As CIOs think about how they can contribute business value in a meaningful way, helping guide organizations’ digital workplace transformation should be a linchpin in their strategies. However, many IT leaders don’t know where to start, and find themselves grappling with questions such as, “What does digital transformation look like for my organization? How do I realize value from it? What’s the first step?”
These are common questions, and important ones. Based on Avanade’s experience working with clients across industries and sectors, here are three tips for CIOs around transforming to a digital workplace:
• First, make sure you understand what a digital workplace actually means. Avanade’s research showed that an overwhelming majority of companies (84 percent) mistakenly believe that using email and social media alone constitute a digital workplace. The reality is that a truly digital workplace brings together applications, information and collaboration in an intelligent context that is tailored to the individual employee’s role, location and tasks. As a technology leader, strive to create a common taxonomy when you’re talking to your colleagues, peers and other business stakeholders.
• Consider it a journey. The digital workplace transformation will be slightly different for every company. Key to success is to understand your business and identify the various revenue streams—this will vary by business model, industry, your organization’s digital maturity and a host of other factors. Because of the complexities involved, it’s important for CIOs to partner with business leads and have candid conversations about the technologies available, how they align to company strategy and what they can enable for the organization. Be careful of taking large leaps, and take it one step at a time.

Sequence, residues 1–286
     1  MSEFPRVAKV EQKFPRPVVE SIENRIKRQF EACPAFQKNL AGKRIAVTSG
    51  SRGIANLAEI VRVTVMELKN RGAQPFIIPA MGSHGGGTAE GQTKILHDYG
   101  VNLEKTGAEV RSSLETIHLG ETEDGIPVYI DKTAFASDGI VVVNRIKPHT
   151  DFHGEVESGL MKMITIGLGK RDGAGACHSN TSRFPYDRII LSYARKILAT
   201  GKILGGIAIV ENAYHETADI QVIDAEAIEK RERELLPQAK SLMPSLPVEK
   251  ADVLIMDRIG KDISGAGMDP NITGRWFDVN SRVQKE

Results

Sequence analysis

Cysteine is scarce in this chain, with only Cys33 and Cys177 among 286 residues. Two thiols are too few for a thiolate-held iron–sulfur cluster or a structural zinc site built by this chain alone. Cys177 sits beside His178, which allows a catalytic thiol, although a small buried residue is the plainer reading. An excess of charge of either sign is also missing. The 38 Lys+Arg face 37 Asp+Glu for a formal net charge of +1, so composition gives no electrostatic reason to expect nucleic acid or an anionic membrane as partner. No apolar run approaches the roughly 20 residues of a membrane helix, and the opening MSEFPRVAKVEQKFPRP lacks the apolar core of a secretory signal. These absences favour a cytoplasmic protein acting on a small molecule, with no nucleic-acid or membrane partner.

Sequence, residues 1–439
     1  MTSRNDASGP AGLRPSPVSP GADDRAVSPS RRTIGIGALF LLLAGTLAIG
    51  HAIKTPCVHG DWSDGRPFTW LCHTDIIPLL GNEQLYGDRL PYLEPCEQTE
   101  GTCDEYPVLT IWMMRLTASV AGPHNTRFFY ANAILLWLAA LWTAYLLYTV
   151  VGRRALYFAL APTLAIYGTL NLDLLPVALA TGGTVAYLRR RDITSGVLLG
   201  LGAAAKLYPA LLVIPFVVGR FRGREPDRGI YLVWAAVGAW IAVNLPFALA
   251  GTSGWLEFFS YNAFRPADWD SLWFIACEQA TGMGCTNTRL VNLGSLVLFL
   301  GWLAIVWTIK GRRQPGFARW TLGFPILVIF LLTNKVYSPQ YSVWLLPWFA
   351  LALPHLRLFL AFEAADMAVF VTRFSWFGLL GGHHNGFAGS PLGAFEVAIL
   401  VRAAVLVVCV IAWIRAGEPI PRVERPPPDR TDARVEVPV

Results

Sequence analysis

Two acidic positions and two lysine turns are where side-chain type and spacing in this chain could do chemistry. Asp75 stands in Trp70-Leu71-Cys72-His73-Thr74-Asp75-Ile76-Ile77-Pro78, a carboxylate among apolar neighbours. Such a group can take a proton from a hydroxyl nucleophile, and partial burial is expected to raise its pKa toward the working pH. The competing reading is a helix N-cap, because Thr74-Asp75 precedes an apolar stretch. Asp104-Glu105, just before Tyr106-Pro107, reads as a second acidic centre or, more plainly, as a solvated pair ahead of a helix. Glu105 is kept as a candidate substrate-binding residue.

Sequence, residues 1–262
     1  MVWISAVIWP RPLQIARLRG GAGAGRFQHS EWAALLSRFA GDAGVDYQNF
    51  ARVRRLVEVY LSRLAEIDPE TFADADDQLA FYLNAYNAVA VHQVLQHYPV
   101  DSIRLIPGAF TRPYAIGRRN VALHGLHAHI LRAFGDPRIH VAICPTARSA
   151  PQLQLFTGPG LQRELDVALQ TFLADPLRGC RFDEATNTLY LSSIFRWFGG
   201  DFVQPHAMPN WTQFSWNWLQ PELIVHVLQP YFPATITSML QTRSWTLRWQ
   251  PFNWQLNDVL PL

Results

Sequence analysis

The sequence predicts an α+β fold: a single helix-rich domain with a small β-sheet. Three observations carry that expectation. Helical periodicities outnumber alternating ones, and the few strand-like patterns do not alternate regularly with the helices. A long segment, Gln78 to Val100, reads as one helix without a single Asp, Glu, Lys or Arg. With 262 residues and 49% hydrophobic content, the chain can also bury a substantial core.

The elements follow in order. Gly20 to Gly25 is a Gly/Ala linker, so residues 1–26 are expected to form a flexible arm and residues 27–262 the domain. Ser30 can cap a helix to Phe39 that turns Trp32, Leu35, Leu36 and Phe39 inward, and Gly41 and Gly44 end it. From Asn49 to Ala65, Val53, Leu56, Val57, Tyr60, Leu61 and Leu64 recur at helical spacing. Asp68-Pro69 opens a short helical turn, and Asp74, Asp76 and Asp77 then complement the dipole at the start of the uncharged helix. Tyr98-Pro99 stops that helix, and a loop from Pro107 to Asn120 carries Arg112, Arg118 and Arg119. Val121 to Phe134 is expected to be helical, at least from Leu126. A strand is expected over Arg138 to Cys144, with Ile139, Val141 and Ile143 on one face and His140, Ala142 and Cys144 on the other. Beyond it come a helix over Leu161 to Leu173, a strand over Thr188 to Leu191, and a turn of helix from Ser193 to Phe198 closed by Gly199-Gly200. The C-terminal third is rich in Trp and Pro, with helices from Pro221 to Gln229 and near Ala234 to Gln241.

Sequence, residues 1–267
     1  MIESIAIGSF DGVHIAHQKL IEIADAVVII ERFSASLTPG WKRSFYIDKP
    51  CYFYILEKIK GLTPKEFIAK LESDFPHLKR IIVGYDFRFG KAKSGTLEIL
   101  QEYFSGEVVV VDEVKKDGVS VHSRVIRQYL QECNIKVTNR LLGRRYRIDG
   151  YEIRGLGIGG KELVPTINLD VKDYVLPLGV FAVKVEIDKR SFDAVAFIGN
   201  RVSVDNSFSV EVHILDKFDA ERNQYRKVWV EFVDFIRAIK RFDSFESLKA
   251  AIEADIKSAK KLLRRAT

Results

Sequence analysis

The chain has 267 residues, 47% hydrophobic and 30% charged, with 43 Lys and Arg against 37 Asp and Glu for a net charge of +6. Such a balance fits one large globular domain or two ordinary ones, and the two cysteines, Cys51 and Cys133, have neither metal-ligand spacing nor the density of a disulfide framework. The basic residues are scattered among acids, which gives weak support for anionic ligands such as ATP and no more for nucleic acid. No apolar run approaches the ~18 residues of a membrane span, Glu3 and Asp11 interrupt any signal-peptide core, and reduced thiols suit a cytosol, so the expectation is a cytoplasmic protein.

• Start your journey now. The expectations of IT to deliver business value have never been higher, and given the clear competitive advantages of a digital workplace, doing nothing isn’t an option. It might be tempting to take a “wait and see” approach, or hold out for the perfect opportunity, but consider this: Avanade’s research found that a majority of companies already have at least one of the building blocks for a digital workplace in place—such as connectivity solutions or social collaboration tools—or are planning to invest in the next 12-24 months. Clearly, companies that delay taking the critical first step risk being left behind.
CIOs and IT leaders are currently faced with unprecedented opportunity to create lasting value for their organizations. Digital transformation continues to drive companies to rethink their response to markets and customers, reshape their operations and engage and empower their workforces. As technology moves ever closer to the heart of the business, IT leaders are on the front lines of this digital revolution. By prioritizing a digital workplace and leading the charge on those transformational discussions, CIOs can invert the iceberg, bring innovation to the forefront and help their organizations achieve measurable, sustained business results.